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What "triggers" mortgage default?

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  • Ronel Elul
  • Nicholas S. Souleles
  • Souphala Chomsisengphet
  • Dennis
  • Glennon
  • Robert Hunt

Abstract

This paper assesses the relative importance of two key drivers of mortgage default: negative equity and illiquidity. To do so, the authors combine loan-level mortgage data with detailed credit bureau information about the borrower's broader balance sheet. This gives them a direct way to measure illiquid borrowers: those with high credit card utilization rates. The authors find that both negative equity and illiquidity are significantly associated with mortgage default, with comparably sized marginal effects. Moreover, these two factors interact with each other: The effect of illiquidity on default generally increases with high combined loan-to-value ratios (CLTV), though it is significant even for low CLTV. County-level unemployment shocks are also associated with higher default risk (though less so than high utilization) and strongly interact with CLTV. In addition, having a second mortgage implies significantly higher default risk, particularly for borrowers who have a first-mortgage LTV approaching 100 percent.

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Bibliographic Info

Paper provided by Federal Reserve Bank of Philadelphia in its series Working Papers with number 10-13.

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Date of creation: 2010
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Handle: RePEc:fip:fedpwp:10-13

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Keywords: Mortgages ; Default (Finance);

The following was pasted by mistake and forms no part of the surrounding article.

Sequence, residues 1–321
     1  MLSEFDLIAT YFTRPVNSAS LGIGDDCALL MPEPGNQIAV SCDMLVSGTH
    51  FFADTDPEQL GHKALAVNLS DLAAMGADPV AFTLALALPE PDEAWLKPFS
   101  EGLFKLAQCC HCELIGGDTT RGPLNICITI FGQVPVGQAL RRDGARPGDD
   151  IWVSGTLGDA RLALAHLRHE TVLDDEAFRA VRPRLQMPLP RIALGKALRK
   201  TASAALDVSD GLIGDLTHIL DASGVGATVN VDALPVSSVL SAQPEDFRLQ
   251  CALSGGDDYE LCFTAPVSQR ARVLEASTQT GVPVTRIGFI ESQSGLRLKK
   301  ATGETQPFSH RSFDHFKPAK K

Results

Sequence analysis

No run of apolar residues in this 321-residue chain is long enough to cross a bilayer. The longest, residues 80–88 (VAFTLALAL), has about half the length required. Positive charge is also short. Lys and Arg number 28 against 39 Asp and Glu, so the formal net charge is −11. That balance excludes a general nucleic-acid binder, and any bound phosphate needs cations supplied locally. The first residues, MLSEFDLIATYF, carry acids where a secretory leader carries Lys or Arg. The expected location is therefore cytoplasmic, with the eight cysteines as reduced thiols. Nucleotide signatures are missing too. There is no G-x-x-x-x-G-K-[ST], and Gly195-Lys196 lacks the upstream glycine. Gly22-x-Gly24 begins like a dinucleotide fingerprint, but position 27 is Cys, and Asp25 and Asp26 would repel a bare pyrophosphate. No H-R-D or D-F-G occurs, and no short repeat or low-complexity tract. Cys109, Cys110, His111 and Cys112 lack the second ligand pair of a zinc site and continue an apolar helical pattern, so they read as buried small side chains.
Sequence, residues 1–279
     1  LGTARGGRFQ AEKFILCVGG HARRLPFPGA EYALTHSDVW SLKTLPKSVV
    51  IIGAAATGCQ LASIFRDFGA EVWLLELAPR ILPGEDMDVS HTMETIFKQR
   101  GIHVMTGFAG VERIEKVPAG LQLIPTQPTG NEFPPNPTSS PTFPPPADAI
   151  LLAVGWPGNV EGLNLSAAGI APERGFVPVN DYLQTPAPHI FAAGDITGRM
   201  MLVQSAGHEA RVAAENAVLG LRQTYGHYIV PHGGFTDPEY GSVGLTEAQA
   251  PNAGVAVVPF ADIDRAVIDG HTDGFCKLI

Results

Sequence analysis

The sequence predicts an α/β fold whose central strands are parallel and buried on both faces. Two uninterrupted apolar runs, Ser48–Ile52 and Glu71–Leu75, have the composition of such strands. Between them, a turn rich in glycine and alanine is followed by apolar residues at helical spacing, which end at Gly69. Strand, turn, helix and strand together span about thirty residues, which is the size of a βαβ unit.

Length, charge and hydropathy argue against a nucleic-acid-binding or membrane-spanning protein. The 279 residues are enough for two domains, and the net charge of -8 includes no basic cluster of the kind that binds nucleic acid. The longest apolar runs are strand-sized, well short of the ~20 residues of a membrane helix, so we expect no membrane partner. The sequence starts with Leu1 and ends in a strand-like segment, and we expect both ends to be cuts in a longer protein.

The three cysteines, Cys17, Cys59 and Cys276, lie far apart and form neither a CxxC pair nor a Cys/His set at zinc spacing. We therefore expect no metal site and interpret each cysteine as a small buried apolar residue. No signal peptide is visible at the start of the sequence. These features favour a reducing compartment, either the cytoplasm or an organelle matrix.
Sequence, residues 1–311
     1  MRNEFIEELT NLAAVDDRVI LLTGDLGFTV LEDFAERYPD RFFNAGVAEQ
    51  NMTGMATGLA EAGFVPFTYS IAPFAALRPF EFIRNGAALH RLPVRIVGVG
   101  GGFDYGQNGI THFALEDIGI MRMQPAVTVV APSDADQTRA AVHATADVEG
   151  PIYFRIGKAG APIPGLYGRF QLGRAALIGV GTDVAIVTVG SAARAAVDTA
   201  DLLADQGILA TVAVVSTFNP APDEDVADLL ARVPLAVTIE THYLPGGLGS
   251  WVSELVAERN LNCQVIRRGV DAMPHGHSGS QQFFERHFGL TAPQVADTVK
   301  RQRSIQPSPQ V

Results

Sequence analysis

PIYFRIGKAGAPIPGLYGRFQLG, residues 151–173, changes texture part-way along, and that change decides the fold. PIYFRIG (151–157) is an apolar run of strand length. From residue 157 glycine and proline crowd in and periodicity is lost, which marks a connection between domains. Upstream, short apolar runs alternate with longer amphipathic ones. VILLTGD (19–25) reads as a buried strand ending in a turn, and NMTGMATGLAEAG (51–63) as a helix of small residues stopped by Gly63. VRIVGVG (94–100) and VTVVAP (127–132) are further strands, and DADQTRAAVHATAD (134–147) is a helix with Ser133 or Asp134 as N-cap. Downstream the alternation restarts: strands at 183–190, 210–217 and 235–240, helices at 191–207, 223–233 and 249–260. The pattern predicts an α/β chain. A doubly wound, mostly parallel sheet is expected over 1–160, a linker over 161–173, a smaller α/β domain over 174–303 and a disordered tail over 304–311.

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References

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  1. Sumit Agarwal & Chunlin Liu & Nicholas S. Souleles, 2007. "The Reaction of Consumer Spending and Debt to Tax Rebates -- Evidence from Consumer Credit Data," NBER Working Papers 13694, National Bureau of Economic Research, Inc.
  2. Kau James B. & Keenan Donald C. & Kim Taewon, 1994. "Default Probabilities for Mortgages," Journal of Urban Economics, Elsevier, vol. 35(3), pages 278-296, May.
  3. David B. Gross, 2002. "An Empirical Analysis of Personal Bankruptcy and Delinquency," Review of Financial Studies, Society for Financial Studies, Society for Financial Studies, vol. 15(1), pages 319-347, March.
  4. Neil Bhutta & Jane Dokko & Hui Shan, 2010. "The depth of negative equity and mortgage default decisions," Finance and Economics Discussion Series, Board of Governors of the Federal Reserve System (U.S.) 2010-35, Board of Governors of the Federal Reserve System (U.S.).
  5. Patrick Bajari & Chenghuan Sean Chu & Minjung Park, 2008. "An Empirical Model of Subprime Mortgage Default From 2000 to 2007," NBER Working Papers 14625, National Bureau of Economic Research, Inc.